Monday, October 08, 2007

lessons from crabapple jelly

This past week I have been so busy getting ready for thanksgiving that I forgot to write about our jelly-making adventures!!

My neighbour has a big crabapple tree in his back yard, and kept offering them to us, as long as we picked them ourself. One crisp fall day at the tail end of apple season, I headed over there to do just that.

On his advice, I brought a big king-size bed sheet along, and carefully spread it on the ground under the tree. My plan was to shake the tree, watch as all the beautiful, crisp, red apples fall onto my sheet and happily carry them back home to process into sweet, apple jelly.

Well, if you know anything of my past adventures in new things, you'll know that things don't always go the way I am expecting. This was no exception, as the tree proved to be too solid for me to shake, the brances, too high for me to grab easily, and the apples that I could reach, too soft to use. So I hopped, and swung my arms at the branches, I climbed the fence beside the tree and tried to shake them off, and I got my toddler to help me pick up the ones on the ground that looked ok. In the end, we resorted to picking a bunch of them off the brances we found out back that he had just pruned off the tree the day before.

Back the in the kitchen, we dump all the apples into the sink and inhale the sweet smell of ripe fruit, and start to sift through all the leaves that had fallen from the tree onto my sheet with the apples. You see, when you shake a tree to get apples to come off, they aren't the only thing that falls... I had oodles of apples, leaves, and ladybugs all over the kitchen. What a mess! We tried to catch the ladybugs before they escaped into the cracks and corners of the kitchen to do who-knows-what, and we sorted through all the mushy apples and leaves.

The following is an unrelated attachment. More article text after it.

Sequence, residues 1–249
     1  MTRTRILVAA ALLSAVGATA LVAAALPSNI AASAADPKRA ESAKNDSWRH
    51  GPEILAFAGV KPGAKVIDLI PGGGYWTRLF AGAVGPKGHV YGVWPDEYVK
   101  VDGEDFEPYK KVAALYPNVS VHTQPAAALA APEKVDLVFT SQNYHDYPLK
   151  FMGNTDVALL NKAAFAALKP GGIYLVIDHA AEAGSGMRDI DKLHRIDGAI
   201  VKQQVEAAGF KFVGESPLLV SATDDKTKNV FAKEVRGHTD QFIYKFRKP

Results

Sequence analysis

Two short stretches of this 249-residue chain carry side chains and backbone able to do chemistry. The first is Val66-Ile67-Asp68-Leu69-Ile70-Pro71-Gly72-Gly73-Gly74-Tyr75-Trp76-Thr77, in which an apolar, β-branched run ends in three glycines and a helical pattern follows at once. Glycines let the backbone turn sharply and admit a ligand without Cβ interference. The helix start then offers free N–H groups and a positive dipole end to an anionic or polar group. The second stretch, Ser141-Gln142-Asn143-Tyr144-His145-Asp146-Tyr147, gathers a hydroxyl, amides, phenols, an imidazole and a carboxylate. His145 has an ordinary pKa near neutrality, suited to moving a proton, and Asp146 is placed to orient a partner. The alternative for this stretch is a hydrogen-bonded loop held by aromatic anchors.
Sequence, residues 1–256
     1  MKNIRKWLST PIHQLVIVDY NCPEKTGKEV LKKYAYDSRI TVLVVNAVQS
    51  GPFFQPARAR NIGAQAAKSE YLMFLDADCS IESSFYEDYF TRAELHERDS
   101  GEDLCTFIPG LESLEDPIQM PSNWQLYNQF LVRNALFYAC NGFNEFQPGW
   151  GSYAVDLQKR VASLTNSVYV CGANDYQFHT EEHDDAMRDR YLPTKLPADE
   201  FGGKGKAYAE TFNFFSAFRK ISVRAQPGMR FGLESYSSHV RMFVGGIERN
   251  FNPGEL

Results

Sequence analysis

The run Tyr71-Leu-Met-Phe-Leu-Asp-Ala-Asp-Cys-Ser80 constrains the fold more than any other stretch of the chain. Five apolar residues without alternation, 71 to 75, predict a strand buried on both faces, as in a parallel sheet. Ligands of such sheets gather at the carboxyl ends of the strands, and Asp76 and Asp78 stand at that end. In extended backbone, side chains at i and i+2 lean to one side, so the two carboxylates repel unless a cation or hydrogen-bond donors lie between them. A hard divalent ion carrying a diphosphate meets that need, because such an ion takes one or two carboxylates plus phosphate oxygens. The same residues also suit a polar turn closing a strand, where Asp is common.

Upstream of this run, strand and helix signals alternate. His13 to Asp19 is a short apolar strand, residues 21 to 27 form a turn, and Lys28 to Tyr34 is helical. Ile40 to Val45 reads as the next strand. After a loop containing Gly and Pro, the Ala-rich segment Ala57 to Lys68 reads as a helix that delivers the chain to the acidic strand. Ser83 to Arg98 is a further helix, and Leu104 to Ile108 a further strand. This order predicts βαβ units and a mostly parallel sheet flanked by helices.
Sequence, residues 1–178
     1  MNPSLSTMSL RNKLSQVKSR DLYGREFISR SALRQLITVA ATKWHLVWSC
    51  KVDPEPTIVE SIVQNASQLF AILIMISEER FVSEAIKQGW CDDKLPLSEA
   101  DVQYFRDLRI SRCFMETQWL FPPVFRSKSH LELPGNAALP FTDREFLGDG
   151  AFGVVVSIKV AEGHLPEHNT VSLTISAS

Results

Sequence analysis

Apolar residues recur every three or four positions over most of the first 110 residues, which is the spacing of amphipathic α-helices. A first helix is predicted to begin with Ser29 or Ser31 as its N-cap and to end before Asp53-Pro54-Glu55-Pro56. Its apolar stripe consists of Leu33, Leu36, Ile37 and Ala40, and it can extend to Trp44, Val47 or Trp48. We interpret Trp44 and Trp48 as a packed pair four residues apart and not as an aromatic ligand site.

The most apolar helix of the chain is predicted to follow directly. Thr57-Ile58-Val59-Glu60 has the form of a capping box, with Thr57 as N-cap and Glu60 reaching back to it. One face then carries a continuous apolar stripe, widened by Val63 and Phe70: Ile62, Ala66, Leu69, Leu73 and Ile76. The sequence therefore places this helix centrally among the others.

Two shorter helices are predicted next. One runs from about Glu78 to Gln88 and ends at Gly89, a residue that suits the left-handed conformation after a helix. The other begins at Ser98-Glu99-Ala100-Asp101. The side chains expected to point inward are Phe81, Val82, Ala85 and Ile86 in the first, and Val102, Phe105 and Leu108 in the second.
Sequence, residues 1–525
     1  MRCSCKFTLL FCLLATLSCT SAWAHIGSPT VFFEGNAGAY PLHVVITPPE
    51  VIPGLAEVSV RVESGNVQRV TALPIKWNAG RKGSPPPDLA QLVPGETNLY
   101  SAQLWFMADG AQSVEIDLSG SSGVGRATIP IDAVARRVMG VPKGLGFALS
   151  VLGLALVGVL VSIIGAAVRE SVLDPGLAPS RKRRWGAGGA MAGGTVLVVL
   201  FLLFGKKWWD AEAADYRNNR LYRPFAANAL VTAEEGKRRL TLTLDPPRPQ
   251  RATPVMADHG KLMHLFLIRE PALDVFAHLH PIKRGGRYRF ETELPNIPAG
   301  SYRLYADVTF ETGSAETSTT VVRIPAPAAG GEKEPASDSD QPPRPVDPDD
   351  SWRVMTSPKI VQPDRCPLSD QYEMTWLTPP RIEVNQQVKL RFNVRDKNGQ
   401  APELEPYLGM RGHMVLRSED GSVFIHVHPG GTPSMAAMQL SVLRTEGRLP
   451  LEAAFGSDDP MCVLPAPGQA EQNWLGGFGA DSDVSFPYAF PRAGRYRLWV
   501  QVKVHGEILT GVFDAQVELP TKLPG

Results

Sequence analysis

In the end, we decided to phone grandma Sonia for help, as she is the absolute expert in anything related to the finer art of housekeeping. I need to just plug my brain into hers and download all of the amazing facts and information she has stored in there.

She came over two days in a row and we cut up the apples, boiled the juice down, made the jelly, canned it and picked some more apples to start over again. Here are some of the lessons that I learned:

1. Don't shake the apples out of the tree. You will also get all the just-about-to-fall-off-becuase-they-are-so-rotten ones, dried up leaves, ladybugs, and even a few caterpillars if you are really lucky. Also, the apples that do appear usable, end up getting bruised by landing on the ground.

2. Send your husband with a ladder and a bag to pick the apples.

3. Phone your grandma at the first sign of trouble.

4. Especially if you are thinking of substituting icing sugar for real sugar.

5. Don't use icing sugar in jelly, because it has cornstarch in it, which will thicken your jelly before it is done, making you think it's done, and leaving you with lots of cloudy, runny, sweet crabapple juice.

6. Cloudy, runny, sweet crabapple juice apparently makes good pancake syrup, and can possibly be spread in between cake layers or poured onto bread pudding. (or at least so says my grandma).

7. cooking with grandma is lots of fun, and very educational.

8. cooking without grandma is risky, and very scary.

9. Google has no search results for 'substituting icing sugar for sugar in jelly'. There! Now they should. :-)


aunt val said...

priceless! too funny!

Angel said...

How big were the crabapples? One of our crabapples actually produces apples, but they're very small.

Lori KP said...

Yeah really, how big are they supposed to be, ours are small. I cant imagine cutting and peeling all of those little crabapples.